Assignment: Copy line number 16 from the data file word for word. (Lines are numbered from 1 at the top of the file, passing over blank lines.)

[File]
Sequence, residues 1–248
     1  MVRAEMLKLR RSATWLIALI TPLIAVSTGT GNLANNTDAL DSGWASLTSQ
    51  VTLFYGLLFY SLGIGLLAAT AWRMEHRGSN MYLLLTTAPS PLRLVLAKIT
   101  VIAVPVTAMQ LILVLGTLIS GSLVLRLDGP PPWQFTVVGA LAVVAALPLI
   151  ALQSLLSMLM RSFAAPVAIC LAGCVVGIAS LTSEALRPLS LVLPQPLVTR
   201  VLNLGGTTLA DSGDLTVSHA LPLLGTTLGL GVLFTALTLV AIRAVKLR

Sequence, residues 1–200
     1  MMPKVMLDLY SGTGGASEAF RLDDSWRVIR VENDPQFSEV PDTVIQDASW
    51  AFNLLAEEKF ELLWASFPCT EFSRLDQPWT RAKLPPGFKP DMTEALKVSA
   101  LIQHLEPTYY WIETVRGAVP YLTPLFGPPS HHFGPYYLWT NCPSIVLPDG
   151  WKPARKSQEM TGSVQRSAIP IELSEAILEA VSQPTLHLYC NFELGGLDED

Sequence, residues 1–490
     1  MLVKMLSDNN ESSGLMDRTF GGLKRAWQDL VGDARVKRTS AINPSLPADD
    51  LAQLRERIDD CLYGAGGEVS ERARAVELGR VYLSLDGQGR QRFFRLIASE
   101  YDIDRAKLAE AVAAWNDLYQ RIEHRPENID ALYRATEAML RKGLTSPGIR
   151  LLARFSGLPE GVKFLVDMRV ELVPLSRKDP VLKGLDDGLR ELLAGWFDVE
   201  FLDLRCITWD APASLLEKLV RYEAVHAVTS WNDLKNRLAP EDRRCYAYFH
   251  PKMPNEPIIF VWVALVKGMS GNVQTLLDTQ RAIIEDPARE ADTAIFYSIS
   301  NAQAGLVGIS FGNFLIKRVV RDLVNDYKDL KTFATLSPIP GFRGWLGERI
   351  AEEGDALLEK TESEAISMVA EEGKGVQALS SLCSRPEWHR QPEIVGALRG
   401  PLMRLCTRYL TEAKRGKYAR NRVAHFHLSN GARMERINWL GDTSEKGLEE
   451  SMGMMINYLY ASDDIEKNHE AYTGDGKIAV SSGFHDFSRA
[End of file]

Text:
   151  LLARFSGLPE GVKFLVDMRV ELVPLSRKDP VLKGLDDGLR ELLAGWFDVE